In February 2017, our clients contracted Legionnaires disease following a visit to a local Sauna and Spa. The spa offered a variety of amenities including hot tubs, spas, saunas, pools, and showers. As we have mentioned in previous posts, hot tubs, pools and spas are relatively common sources of exposure. This is because Legionella bacteria can grow and become aerosolized through a number of different sources where water is being heated. Legionella can be controlled with various disinfection methods, including chlorination. Disinfection must be ongoing and routine, and maintenance must be performed to all water systems where the Legionella bacteria can grow. While visiting the spa, each of our clients used the pools, saunas, hot tubs, and showers. Subsequently, in a matter of days they became seriously ill and required hospitalization. Each of the three clients was ultimately diagnosed with Legionnaires disease. After the local health department was notified of this outbreak, they began their investigation and notified the defendant of the possible outbreak. The health departments later testing discovered the presence of Legionella bacteria in several locations in the defendant’s water systems. Therefore, the health department determined the defendant’s Spa was the source of the outbreak of Legionnaires’ disease. We prepared a complaint on behalf of our clients seeking remedies under state tort law alleging that the Spa and its staff were negligent in their care of their water systems, including in regard to their pool, spas, saunas and hot tubs, which led to the Legionella bacterial growth on their premises.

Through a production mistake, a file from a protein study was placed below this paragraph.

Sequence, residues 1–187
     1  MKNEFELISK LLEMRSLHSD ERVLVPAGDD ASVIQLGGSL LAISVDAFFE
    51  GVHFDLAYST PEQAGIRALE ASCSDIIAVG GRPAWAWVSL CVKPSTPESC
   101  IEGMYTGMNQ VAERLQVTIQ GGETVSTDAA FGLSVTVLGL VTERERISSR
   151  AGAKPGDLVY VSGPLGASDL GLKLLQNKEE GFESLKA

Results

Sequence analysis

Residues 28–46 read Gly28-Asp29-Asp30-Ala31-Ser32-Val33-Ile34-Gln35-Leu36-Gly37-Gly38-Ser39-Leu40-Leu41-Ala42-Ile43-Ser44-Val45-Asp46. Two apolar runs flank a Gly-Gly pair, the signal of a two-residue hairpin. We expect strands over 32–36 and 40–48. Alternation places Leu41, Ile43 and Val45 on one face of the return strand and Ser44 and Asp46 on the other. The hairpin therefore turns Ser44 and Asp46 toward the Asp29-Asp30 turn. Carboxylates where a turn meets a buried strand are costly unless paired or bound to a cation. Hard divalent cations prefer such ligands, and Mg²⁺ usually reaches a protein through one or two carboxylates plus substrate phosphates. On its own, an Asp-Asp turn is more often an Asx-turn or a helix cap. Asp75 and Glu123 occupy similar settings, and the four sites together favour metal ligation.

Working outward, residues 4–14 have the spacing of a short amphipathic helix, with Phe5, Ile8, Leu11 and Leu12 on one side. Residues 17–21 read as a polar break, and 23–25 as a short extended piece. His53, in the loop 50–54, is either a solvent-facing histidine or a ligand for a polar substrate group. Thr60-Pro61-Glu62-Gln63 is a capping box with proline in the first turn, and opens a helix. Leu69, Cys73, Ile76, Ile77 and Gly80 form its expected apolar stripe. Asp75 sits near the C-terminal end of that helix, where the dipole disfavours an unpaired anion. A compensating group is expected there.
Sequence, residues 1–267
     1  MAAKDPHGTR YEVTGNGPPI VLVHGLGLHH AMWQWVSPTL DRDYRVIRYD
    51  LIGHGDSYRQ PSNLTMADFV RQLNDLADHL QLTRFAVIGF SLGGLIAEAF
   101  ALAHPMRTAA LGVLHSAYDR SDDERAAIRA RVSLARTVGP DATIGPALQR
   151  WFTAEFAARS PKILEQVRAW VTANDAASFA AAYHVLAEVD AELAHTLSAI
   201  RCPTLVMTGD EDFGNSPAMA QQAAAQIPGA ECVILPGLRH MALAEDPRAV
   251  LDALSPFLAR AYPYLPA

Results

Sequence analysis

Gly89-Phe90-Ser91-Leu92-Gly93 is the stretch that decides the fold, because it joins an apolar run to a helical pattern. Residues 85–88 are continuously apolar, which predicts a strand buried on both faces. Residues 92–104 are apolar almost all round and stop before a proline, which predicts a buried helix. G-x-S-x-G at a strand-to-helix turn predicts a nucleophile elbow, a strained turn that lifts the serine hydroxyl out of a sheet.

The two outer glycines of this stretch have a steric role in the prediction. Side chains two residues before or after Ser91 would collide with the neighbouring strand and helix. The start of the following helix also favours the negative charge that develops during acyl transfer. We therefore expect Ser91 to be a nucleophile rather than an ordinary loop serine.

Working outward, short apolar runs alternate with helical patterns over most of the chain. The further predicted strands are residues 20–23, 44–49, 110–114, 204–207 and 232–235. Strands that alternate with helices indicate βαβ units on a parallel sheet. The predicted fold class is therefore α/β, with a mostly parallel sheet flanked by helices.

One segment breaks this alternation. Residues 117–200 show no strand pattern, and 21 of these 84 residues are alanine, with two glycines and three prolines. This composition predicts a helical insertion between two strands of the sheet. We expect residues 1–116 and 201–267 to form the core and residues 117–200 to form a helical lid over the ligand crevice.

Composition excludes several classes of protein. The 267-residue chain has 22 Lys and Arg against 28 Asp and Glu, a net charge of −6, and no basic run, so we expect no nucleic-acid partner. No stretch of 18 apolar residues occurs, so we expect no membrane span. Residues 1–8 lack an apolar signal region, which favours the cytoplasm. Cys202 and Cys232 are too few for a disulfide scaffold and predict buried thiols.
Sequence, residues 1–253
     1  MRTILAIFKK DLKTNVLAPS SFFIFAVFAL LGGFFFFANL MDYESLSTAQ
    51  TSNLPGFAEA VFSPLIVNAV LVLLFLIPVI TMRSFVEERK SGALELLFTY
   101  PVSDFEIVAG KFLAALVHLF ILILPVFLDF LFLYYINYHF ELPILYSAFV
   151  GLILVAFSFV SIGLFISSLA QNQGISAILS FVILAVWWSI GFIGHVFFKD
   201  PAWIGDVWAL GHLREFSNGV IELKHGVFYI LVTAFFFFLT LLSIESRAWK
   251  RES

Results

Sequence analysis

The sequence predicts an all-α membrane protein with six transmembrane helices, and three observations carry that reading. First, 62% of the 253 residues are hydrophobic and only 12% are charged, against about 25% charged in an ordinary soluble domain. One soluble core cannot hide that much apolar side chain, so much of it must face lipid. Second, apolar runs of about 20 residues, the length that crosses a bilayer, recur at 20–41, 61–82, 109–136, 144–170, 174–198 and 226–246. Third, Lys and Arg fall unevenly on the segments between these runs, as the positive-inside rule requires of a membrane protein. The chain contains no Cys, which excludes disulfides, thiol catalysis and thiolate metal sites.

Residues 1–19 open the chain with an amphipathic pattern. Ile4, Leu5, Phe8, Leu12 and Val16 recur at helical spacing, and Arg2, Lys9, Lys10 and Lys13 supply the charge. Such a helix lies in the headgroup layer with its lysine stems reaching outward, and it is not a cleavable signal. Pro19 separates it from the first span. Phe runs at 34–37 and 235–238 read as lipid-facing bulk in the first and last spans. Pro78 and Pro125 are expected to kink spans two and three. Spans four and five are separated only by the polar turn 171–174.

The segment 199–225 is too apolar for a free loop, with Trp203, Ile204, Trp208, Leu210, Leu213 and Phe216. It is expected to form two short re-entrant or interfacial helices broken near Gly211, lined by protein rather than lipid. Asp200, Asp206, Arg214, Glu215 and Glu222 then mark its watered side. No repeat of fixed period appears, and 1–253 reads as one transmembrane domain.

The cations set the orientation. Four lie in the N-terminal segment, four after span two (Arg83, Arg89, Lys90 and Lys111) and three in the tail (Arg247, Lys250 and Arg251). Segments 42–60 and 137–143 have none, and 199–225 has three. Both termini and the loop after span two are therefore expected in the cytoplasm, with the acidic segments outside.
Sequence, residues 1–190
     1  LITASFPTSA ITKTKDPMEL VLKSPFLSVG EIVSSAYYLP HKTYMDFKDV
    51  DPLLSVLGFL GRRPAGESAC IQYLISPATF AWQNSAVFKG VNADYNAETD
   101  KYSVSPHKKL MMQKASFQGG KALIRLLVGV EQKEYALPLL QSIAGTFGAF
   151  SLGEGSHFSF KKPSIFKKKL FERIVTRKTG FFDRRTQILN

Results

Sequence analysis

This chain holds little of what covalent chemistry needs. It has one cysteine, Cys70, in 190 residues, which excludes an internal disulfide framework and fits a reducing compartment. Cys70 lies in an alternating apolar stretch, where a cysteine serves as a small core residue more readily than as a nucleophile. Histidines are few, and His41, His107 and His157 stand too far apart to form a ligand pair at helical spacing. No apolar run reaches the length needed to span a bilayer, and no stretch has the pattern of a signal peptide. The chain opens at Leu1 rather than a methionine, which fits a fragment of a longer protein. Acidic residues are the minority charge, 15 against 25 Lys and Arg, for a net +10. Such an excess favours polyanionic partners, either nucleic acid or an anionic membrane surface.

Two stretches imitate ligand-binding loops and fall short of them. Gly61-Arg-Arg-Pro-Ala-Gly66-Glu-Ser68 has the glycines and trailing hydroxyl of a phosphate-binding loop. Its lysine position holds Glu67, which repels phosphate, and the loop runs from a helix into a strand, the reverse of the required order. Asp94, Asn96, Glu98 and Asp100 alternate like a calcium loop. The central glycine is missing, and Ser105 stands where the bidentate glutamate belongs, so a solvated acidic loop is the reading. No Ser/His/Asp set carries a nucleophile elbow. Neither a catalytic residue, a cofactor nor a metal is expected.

The Cooling Tower Case

In July and August 2015, there was an outbreak of Legionnaires’ Disease in the Bronx that claimed 12 lives and sickened at least 128 people. The outbreak caused widespread concern and weeks of uncertainty among residents. Thanks to the hard work of epidemiologists and investigators, the source of the outbreak was identified: a cooling tower in the area. In cooling tower cases, the simple act of walking down the sidewalk exposes victims to contaminated water droplets that fall from the towers above.

That’s what happened to our plaintiffs. In cases like this, there are often clusters of cases. In July of 2015, the New York Department of Health was made aware of the hundred or so cases of Legionnaires’ Disease in a single area of the city. Their investigation makes our plaintiffs’ cases easier to establish, because the source is readily identified.